Today in History: June 26

People strolling the boardwalk in Atlantic City, N.J., carry black umbrellas to ward off the sun, as horse drawn buggies wheel up and down the sandy beaches and picturesque sailboats float on the horizon, in 1895. Exact date is unknown. (AP Photo)
In 1870, the first section of Atlantic City, New Jersey’s Boardwalk was opened to the public. People strolling the boardwalk in Atlantic City, N.J., carry black umbrellas to ward off the sun, as horse drawn buggies wheel up and down the sandy beaches and picturesque sailboats float on the horizon, in 1895. Exact date is unknown. (AP Photo) (CP)
U.S. President Franklin D. Roosevelt is seen on the eve of his inauguration for a second term on Jan. 19, 1937, at his desk in the White House in Washington.  (AP Photo)
In 1936, President Franklin D. Roosevelt was nominated for a second term of office by delegates to the Democratic national convention in Philadelphia. Here, President Roosevelt is seen on the eve of his inauguration for a second term on Jan. 19, 1937, at his desk in the White House in Washington. (AP Photo) (AP)
A cargo handling crew at Tempelhof airfield in Berlin pause in their task of unloading a Skymaster plane of the Berlin airlift, May 5, 1949 to raise a cheer over the news of the lifting of the German capital, scheduled for May 12. The airlift, however, is planned to be continued despite the proposed end of the Berlin siege. (AP Photo)
On June 26, 1948, the Berlin Airlift began in earnest after the Soviet Union cut off land and water routes to the isolated western sector of Berlin. A cargo handling crew at Tempelhof airfield in Berlin pause in their task of unloading a Skymaster plane of the Berlin airlift, May 5, 1949 to raise a cheer over the news of the lifting of the German capital, scheduled for May 12. The airlift, however, is planned to be continued despite the proposed end of the Berlin siege. (AP Photo) ( (AP Photo))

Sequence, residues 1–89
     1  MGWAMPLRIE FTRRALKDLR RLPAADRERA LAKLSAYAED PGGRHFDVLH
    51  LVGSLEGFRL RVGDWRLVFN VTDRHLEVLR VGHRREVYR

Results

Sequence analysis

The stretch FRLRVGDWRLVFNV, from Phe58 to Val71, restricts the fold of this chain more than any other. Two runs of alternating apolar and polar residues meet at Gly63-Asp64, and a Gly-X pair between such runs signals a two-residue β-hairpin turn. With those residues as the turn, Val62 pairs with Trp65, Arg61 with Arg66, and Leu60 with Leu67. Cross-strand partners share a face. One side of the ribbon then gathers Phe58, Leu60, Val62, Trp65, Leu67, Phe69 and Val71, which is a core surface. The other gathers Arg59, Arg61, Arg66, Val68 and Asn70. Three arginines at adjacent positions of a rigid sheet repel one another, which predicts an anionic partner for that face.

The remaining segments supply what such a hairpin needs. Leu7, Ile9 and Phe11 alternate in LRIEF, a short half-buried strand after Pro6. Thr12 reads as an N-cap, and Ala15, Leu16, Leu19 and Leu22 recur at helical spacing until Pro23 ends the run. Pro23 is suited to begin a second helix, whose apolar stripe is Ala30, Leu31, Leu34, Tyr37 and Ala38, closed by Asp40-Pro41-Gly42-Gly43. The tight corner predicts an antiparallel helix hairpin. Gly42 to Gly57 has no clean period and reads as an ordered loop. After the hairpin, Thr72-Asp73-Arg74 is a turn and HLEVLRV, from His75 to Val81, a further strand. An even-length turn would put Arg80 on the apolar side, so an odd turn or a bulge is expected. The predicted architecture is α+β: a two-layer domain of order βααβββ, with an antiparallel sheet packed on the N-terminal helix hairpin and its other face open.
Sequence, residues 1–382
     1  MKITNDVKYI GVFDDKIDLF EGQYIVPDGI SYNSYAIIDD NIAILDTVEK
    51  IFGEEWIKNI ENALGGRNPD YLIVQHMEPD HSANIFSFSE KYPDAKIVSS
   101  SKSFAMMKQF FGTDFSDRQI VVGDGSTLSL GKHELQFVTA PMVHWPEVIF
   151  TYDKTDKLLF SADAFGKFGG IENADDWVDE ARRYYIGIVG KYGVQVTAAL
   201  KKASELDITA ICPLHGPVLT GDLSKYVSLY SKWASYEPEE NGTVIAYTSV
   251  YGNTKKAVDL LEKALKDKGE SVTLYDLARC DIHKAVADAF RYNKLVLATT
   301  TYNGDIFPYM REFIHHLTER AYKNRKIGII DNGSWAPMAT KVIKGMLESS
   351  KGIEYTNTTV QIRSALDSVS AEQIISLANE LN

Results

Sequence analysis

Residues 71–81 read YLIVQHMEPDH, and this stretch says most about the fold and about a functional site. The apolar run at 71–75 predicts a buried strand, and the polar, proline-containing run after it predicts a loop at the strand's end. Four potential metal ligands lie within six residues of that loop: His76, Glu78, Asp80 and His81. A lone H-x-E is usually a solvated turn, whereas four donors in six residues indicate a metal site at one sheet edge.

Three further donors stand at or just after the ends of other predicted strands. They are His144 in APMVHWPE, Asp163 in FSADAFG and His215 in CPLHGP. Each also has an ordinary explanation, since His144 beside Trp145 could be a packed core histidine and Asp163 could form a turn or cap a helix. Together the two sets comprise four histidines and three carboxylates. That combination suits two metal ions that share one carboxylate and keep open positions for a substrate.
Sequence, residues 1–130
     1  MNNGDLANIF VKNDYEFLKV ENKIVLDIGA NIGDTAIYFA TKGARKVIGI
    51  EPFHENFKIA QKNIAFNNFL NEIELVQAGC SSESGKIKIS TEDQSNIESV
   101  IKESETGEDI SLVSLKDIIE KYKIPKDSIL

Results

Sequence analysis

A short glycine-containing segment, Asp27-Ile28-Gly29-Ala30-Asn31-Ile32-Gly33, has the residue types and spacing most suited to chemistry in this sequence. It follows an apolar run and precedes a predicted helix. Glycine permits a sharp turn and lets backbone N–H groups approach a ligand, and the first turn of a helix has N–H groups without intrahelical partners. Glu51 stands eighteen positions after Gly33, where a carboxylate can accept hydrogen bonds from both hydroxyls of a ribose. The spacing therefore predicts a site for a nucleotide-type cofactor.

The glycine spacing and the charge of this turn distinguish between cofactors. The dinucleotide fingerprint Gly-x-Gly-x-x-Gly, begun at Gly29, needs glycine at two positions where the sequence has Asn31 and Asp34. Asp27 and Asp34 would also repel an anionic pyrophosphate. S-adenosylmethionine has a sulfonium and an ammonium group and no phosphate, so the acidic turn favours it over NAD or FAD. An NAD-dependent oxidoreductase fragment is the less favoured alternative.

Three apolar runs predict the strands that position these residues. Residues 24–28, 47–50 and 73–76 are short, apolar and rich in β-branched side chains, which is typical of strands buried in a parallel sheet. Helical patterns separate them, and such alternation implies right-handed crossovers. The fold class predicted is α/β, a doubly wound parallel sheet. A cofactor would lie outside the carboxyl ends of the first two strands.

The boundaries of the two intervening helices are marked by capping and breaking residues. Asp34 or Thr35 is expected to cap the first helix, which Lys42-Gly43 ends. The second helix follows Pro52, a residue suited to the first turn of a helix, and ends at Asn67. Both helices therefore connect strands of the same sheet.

KENNEDYs BERLIN WALL SPEECH - President John F. Kennedy delivers his famous speech "I am a Berliner" ("ich bin ein Berliner") in front of the city hall in West Berlin concerning the Berlin Wall, June 26, 1963. Fare right the mayor in office of West Berlin Willy Brandt. (AP-Photo)
In 1963, President John F. Kennedy visited West Berlin, where he delivered his famous speech expressing solidarity with the city’s residents, declaring: “Ich bin ein Berliner” (I am a Berliner). Here, President Kennedy delivers his famous speech “I am a Berliner” (“ich bin ein Berliner”) in front of the city hall in West Berlin concerning the Berlin Wall, June 26, 1963. Far right is the mayor in office of West Berlin Willy Brandt. (AP Photo) (ASSOCIATED PRESS)
Elvis Presley is shown performing in Providence, R.I. on May 23, 1977, three months before his death. (AP Photo)
In 1977, Elvis Presley performed his last concert at Market Square Arena in Indianapolis. Elvis Presley is shown performing in Providence, R.I. on May 23, 1977, three months before his death. (AP Photo) (ASSOCIATED PRESS)
SAN FRANCISCO - DECEMBER 21:  Copies of Harry Potter books stand on display at the Clean Well-Lighted Place For Books December 21, 2004 in San Francisco, California. Harry Potter author J.K. Rowling announced Tuesday that she has completed the sixth Potter novel, "Harry Potter and the Half-Blood Prince" and it will be published on July 16, 2005.  (Photo by Justin Sullivan/Getty Images)
In 1997, the first Harry Potter novel, “Harry Potter and the Philosopher’s Stone” by J.K. Rowling (ROHL’-ing), was published in the United Kingdom (it was later released in the United States under the title “Harry Potter and the Sorcerer’s Stone”). Copies of Harry Potter books stand on display at the Clean Well-Lighted Place For Books December 21, 2004 in San Francisco, California. (Photo by Justin Sullivan/Getty Images) (Getty Images/Justin Sullivan)